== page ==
Pest control for ants
(Top) A small leafcutter worker atop a leaf guards her sister against attacks by parasitic flies. Ants carrying leaves cannot use their mandibles for defense, so they carry hitchhikers to ward off the parasites. (Bottom) The fungus garden in a nest of Atta leaf-cutter ants. Notice the diversity of ant sizes within a colony, from the large red soldier ants to the minute orange ants tending to the garden. Atta ants have some of the most sophisticated caste systems among the social insects. -- photos and captions from Alex Wild (mymercos.net)
This week’s paper, “Black yeast symbionts compromise the efficiency of antibiotic defenses in fungus-growing ants" by Ainslie Little and Cameron Currie, was just published in Ecology. Elsa Youngsteadt interviewed me, among others, for a story in Science about this research.
I’ve never done research on the fungal “farms" of ants and termites, but I’ve been interested in them every since a camera company bought a close-up photo (not Photoshopped like this one) of an ant carrying a leaf along a barbed wire “bridge" on its way back to its nest, from my mycologist father, William Denison. Dad was best known for pioneering research in the tops of tall trees, but never had to fight a shaman, as far as I know.
The ants feed harvested leaves to fungi, then eat the fungi, so a feedlot might be a better human analogy than a farm. (Fungi are more closely related to animals than to plants.) The fungal “crop" (or “herd") can be attacked and destroyed by a second fungus, Escovopsis. (Wolves?) But Escovopsis is controlled by antibiotics produced by bacteria that live on the bodies of the ants.
Ever since I first heard about this, I’ve wondered, “what benefit do individual bacteria get from making the antibiotics?" Sure, collectively the bacteria and the ants are interdependent. But mutant bacteria that don’t make antibiotics (thereby saving some energy) must arise all the time. If the benefits of a healthy ant colony are just as available to these mutants as they are to antibiotic-producers on the same ants, then we would expect “cheating" mutants to take over the surface of each ant, whatever the long-term consequences. Bacteria don't plan ahead.
This week's paper introduces a new player that may hold the key to this question: a yeast (single-cell fungus) that lives on the ants, along with the bacteria. In culture dishes, the yeast grew more when bacteria were present, and the bacteria survived less when the yeast was present. So it appears that the yeast is, in some sense, “eating" the bacteria.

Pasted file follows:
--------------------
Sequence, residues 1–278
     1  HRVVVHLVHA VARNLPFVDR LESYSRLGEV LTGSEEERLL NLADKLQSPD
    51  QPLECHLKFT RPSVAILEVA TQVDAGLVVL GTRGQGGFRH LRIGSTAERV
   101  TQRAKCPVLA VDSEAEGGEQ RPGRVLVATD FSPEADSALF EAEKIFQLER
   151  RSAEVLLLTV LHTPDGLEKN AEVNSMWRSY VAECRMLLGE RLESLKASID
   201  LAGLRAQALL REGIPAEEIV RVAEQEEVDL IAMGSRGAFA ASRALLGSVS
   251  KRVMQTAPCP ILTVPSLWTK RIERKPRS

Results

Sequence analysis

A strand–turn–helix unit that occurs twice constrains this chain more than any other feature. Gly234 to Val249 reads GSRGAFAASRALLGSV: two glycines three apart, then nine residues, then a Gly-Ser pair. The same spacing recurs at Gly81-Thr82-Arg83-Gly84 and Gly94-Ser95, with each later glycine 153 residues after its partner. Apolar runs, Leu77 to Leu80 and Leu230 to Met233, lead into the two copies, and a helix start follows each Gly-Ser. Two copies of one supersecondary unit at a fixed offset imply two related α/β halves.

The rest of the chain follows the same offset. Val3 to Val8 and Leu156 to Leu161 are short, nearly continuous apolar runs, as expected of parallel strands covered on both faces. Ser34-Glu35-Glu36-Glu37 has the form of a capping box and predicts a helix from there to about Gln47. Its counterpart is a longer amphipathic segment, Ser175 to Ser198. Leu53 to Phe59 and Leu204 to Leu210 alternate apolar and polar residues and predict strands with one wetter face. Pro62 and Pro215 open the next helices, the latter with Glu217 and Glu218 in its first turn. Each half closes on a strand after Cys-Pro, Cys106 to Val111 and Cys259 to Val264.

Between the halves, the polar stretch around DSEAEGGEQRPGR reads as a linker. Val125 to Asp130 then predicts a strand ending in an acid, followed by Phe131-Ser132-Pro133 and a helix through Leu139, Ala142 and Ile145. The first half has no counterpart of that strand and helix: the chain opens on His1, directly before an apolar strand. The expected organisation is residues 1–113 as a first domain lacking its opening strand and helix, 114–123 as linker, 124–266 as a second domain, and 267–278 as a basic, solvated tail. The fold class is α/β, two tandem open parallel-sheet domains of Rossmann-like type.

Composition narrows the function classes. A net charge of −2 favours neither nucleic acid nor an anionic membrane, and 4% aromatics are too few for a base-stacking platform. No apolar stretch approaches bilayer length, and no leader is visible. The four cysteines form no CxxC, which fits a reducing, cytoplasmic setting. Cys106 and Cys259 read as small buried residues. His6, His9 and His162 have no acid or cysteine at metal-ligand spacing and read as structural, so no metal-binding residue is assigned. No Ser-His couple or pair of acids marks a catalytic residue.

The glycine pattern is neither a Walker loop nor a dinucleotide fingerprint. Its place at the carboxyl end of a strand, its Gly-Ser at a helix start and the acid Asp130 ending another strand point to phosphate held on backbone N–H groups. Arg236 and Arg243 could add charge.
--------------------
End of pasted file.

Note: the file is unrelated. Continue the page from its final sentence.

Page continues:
In the short term, therefore, the yeasts may be harmful to the ants. Escovopsis caused more damage to the ants’ fungal gardens when the yeast was present.
But is it possible that yeasts have an evolutionary effect that benefits the ants? If antibiotics that kill Escovopsis also have some protective effect against yeast, then there would be an individual benefit to antibiotic production that would select against “cheating" mutant bacteria that don’t produce antibiotic. The fact that antibiotic-producing bacteria still have a net positive effect on the yeast doesn’t undermine this hypothesis; the question is whether mutant bacteria that don’t produce the (Escovopsis-killing) antibiotics are hurt more by the yeast than antibiotic-producers are.
There is a good precedent for this hypothesis. Some bacteria that live on plant roots make antibiotics that protect the plant from fungal attack. In 2003, some colleagues and I pointed out (also in Ecology) that this raises the same question as the antibiotic-producing bacteria on ants: “is there some individual benefit that selects against nonproducing mutants?" It turns out that the antibiotics protect individual bacterial cells from being eaten by protozoa, in addition to helping them compete against other bacteria. I suggest that black yeasts on ants might play an analogous role to the protozoa near plant roots: imposing individual selection for antibiotic production that also happens to provide a collective benefit.
The authors of this week’s paper don’t mention this hypothesis and there are may be other explanations. Ulrich Mueller, another expert on ant agriculture, suggested in the Science story that by transplanting only (the most productive?) part of a fungal garden, ants are “selecting on an entire community that has desirable characteristics." If so, this could be a genuine example of “group selection" in nature.
But the antibiotic-producing bacteria live on the surface of the ants; they aren’t part of the garden. Therefore, for group selection to counteract loss of antibiotic production, the unit of selection would have to be the ant. Do ants whose bacterial populations stop producing antibiotics remove themselves from the colony, for the benefit of their mother and sisters? Do their sisters kick them out? I expect we will have answers to these questions some day.
Watch for a chapter on ant agriculture in my book, Darwinian Agriculture, which should be published in 2009.